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Gone Paperback – Apr 20 2009


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Product Details

  • Paperback: 576 pages
  • Publisher: Katherine Tegen; Reprint edition (April 20 2009)
  • Language: English
  • ISBN-10: 0061448788
  • ISBN-13: 978-0061448782
  • Product Dimensions: 3.2 x 13.3 x 20.3 cm
  • Shipping Weight: 431 g
  • Average Customer Review: 4.7 out of 5 stars  See all reviews (15 customer reviews)
  • Amazon Bestsellers Rank: #15,477 in Books (See Top 100 in Books)

Product Description

Review

“Extraordinarily skillful pacing, which leaves the reader constantly on the verge of a new discovery.” (KLIATT)

“A tour de force that will leave readers dazed, disturbed, and utterly breathless.” (Booklist (starred review))

“If Stephen King had written Lord of the Flies, it might have been a little like this novel.” (Voice of Youth Advocates (VOYA) (Starred Review))

From the Back Cover

In the blink of an eye.

Everyone disappears.

Gone.

Everyone except for the young. Teens. Middle schoolers. Toddlers. But not a single adult. No teachers, no cops, no doctors, no parents. Gone, too, are the phones, internet, and television. There is no way to get help.

Hunger threatens. Bullies rule. A sinister creature lurks. Animals are mutating. And the teens themselves are changing, developing new talents—unimaginable, dangerous, deadly powers—that grow stronger by the day.

It's a terrifying new world. Sides are being chosen and war is imminent.

The first in a breathtaking saga about teens battling each other and their darkest selves, gone is a page-turning thriller that will make you look at the world in a whole new way.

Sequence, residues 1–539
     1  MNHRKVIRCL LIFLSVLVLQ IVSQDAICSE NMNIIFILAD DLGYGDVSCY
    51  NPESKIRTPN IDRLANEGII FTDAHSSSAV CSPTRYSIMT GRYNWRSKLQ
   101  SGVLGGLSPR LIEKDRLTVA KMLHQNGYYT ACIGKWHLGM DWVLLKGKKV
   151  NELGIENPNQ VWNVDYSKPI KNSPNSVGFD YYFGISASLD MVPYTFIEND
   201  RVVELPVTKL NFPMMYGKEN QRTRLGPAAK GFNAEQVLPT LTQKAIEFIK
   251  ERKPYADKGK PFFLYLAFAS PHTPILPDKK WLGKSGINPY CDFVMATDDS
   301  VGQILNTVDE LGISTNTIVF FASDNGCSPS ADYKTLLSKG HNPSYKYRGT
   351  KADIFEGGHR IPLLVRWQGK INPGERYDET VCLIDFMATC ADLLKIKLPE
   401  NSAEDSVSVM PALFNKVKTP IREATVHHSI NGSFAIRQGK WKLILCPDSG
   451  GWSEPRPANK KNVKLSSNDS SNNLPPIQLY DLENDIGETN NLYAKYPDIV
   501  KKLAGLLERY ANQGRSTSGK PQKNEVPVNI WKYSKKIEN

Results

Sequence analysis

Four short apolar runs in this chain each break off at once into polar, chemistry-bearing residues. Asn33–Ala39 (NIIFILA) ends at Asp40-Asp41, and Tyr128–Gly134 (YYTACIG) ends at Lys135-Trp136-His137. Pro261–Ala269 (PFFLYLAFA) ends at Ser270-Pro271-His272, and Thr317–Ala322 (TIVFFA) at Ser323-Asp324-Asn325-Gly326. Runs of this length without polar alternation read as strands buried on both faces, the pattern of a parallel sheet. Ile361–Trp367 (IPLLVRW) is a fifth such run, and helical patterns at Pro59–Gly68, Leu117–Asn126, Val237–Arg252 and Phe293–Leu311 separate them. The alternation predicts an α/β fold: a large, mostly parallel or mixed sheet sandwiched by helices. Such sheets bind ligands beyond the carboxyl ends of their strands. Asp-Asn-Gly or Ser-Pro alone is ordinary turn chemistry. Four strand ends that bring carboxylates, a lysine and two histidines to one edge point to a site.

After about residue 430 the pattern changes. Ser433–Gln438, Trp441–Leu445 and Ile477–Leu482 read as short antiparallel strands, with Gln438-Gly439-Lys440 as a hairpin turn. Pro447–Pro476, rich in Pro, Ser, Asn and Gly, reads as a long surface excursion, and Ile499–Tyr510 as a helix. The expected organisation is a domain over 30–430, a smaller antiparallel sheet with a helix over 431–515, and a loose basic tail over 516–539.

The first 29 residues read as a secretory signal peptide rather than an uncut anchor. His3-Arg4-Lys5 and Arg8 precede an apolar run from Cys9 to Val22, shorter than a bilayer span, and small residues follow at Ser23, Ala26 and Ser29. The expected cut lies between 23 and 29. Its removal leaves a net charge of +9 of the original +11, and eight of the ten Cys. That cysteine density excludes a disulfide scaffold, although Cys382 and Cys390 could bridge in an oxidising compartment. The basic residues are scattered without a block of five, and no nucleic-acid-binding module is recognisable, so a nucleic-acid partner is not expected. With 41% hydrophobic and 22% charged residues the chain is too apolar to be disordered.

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4 of 4 people found the following review helpful By Amazon Customer on Aug. 30 2008
Format: Hardcover
SPOILERS AHEAD! READ AT OWN RISK!!

Michael Grant, co-author of Animorphs and Everworld, has combined and revisited several elements from various stories and created a unique and exciting new universe with his newest book series, 'GONE'. Imagine the kids from the 'Lord of the Flies' set in a dome like town, like from the comic book series 'Girls', in a modern day where cell phones or the internet are no longer available, where there is no direct contact from the outside world, right along with no adult supervision what so ever. Now, with a limited supply of food and no moral code or authority to follow by, hype them up on the Mutant X-Gene and leave them on their own. Pretty scary stuff, right?

Gone is, simply put, an insane book. Surprisingly gruesome, flying from one twist to the next. I have to admit that I did see about half of the twists coming while reading through, but that's simply because I read a lot and there is hardly ever anything that truly surprises me anymore. Gone, however, still does not disappoint, and likely won't for anyone who reads it. There are some very sick (adjective, not slang) crazy moments in here, but that just makes the book all the more better.

I like that there is no sugar coating, just the plain reality of the situation, everything from the dumping of dead baby bodies to the sawing off of someone's arm to save their life. Nothing is sacred once everyone is GONE, and every topic seems like fair game once this book starts to build momentum. It's what sets it apart as one of the more successful YA books out right now, in my opinion. The entire thing is so epic and oozing of awesome that it's hard not to imagine a movie adaptation not too far behind.

A definite recommend read and buy from me. I can't wait for the sequel. A+
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4 of 4 people found the following review helpful By H. Bala on Aug. 20 2008